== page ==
It’s no secret that medical equipment has been miniaturising for decades now. The data that previously took a machine the size of a room to monitor can now be measured by something as small as a watch or a smartphone camera, allowing information about our bodies to be gathered, tracked and plotted with almost trivial ease. But the gap between device and patient has recently been fully breached by researchers at the University of Austin, who have drawn up plans for the next innovation in medical technology: Health tattoos that use conductive graphene – a synthetic sheet of one-atom thick graphite – to gather vital information directly from the patient.
The tattoos, which are temporarily applied to the wearer through water, are film-thin and mould to the contours of the skin when applied. Through a similar process to a FitBit or health application, the graphene circuits inside the tattoos gather data such as heart rate, muscle and brain activity by reading the bioimpedance – response of the body’s tissues to electrical current – of the tissues below. They can be peeled off like stickers, wrinkle and stretch with the skin underneath them, and current models remain functional and useful for about two days before losing potency.
The upshot of this is one can be slapped onto a patient and provide a hands-free, quick and easy way to read biometric data, almost like a video game UI on a patient’s flesh. As a result, your average hospital doesn’t need to assign each person an expensive and awkward suite of machines that both take up space and resources to read their vitals. Having access to the tattoos outside of medical facilities will also aid in self-diagnosis and care the way health apps have in recent history.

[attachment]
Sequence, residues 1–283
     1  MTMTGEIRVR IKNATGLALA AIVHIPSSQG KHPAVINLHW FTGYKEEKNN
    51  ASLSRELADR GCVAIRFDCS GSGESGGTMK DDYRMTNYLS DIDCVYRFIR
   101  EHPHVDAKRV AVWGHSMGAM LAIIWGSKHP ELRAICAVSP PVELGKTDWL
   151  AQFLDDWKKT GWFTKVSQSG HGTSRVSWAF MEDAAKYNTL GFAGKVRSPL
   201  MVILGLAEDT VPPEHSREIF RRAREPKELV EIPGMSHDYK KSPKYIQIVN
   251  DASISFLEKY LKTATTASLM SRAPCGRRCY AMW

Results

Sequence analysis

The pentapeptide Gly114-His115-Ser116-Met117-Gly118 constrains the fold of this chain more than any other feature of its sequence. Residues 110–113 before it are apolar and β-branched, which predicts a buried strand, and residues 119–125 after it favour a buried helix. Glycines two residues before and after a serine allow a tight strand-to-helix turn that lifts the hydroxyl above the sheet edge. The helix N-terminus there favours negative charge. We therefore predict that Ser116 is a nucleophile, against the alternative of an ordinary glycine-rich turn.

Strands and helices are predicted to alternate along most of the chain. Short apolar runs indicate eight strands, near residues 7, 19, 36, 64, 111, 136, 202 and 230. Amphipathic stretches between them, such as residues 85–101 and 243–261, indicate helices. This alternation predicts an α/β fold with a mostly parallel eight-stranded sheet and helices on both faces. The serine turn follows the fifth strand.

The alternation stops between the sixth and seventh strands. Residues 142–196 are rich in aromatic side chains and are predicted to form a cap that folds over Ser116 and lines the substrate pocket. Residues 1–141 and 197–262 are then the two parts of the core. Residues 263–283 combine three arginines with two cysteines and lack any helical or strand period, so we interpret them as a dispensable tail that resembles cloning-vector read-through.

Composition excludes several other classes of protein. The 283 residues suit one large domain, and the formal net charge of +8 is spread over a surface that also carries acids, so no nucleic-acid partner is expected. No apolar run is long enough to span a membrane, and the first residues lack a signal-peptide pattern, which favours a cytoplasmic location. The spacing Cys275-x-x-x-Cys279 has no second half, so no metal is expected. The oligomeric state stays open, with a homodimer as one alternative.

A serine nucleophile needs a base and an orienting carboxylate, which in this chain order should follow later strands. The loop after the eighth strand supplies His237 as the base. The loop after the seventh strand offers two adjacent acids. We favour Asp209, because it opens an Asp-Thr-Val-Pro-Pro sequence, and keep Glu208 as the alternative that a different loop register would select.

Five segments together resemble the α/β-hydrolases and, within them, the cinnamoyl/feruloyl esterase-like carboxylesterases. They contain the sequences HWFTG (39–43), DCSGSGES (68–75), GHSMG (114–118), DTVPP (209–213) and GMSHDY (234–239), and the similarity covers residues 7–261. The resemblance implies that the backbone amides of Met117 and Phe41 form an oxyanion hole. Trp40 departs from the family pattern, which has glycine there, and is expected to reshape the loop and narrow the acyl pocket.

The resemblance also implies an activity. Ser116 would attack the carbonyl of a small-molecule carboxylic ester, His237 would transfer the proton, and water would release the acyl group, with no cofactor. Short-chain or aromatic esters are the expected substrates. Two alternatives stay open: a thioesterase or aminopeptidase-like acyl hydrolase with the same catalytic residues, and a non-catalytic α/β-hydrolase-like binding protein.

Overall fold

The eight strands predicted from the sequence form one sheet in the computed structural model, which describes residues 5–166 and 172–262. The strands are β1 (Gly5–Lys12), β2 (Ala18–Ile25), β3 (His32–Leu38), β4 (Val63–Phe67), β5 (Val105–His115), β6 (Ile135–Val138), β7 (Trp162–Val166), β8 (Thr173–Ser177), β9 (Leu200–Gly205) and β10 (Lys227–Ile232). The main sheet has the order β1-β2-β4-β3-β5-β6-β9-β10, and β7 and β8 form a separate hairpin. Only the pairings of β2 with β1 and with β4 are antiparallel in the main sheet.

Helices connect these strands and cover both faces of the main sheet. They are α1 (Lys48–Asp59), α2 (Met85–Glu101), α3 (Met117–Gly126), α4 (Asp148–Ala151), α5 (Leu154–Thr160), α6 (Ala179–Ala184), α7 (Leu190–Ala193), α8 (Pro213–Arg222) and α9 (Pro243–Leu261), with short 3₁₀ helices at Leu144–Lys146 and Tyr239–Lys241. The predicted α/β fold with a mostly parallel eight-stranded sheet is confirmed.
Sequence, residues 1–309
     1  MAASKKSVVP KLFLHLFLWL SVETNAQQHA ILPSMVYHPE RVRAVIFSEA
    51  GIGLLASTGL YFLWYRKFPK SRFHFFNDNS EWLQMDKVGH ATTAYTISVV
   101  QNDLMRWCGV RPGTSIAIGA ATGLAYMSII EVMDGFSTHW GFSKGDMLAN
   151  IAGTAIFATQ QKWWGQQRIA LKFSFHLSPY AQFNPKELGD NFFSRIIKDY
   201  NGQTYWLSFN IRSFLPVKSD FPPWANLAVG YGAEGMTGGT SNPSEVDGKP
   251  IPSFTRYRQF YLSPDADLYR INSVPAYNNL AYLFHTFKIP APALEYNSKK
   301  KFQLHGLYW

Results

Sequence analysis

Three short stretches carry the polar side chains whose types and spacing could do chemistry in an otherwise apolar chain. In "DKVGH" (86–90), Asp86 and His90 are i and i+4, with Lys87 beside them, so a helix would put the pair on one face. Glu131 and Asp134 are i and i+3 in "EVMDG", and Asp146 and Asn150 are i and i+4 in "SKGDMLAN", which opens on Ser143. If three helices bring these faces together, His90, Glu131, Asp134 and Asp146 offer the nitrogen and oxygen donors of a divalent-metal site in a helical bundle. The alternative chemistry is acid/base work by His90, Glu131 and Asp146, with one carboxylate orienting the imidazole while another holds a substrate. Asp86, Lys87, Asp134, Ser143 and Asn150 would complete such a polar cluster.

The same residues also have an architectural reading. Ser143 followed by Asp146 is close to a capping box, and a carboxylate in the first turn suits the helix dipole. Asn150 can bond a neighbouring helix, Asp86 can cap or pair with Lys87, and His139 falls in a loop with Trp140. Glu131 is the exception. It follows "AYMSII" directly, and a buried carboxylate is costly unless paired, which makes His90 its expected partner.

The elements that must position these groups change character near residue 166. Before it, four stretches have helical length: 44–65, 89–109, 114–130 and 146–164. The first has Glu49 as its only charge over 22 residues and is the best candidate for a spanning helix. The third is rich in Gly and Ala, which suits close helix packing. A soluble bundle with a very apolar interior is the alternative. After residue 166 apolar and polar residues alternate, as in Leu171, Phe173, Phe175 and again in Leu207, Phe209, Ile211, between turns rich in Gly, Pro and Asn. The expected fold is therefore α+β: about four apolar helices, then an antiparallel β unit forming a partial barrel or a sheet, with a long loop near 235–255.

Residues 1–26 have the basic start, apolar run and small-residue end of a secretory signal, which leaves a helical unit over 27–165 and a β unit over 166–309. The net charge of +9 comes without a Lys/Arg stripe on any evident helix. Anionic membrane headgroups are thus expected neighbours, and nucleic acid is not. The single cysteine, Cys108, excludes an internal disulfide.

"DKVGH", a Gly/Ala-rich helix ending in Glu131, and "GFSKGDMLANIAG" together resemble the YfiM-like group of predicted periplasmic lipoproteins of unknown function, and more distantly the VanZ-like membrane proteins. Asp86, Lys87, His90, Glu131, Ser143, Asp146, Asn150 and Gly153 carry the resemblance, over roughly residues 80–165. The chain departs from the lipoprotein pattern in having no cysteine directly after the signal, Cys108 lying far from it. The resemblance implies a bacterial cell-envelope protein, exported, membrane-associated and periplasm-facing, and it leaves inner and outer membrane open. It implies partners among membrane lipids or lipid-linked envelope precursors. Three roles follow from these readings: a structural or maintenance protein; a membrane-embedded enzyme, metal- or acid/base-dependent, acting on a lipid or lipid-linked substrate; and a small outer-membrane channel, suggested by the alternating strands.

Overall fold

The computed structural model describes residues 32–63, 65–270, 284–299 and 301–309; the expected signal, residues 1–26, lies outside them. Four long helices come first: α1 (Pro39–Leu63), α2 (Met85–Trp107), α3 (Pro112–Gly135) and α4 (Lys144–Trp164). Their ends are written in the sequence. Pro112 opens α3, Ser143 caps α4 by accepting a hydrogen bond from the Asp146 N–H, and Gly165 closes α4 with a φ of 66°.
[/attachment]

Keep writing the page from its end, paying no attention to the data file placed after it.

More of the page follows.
But why is this such a big deal? The astute reader should already know none of this functionality is new: all of the data a graphene health tattoo provides can already be gathered by other methods, including the ones I’ve detailed above. Measuring a heart rate or brain activity is so commonplace you can buy about a hundred different devices that can do it in your average store. But the implications of graphene as a health material are far greater than this specific product.
For one, these self-contained circuits are small, self-powered and easy to use. This is utterly invaluable for field hospitals or medical facilities without the resources necessary to run a standard diagnostic suite, as well as first responders in accidents who can use their readings to speed up priority processing. If this kind of device becomes as affordable as similar hardware, it could massively improve the quality of medical services in underfunded locations.
What is perhaps more ambitious is the applications of graphene in bionics. Bio-integration between technology and user has been hampered because the key conductive material these in devices – gold – is expensive, rigid, potentially poisonous and difficult to work with flesh. Graphene’s flexibility, elasticity, and ability to fold without breaking, combine with a conductivity rivalling gold’s to provide a material suitable for bionics work that won’t break or possibly damage the person that it’s implanted into. Prototype devices have already been created that allow drones to be controlled through graphene tattoos implanted on the pilot’s eyelids.
It’s a while off – the Austin team wishes to start production in 2022, when they project graphene will become cheaper than gold – but it’s a phenomenally exciting development for the integration of humanity and machines. If graphene proves to be both safe and capable of mass production, how far are we away from commercially available cyborg implants?
Last modified: 3rd November 2017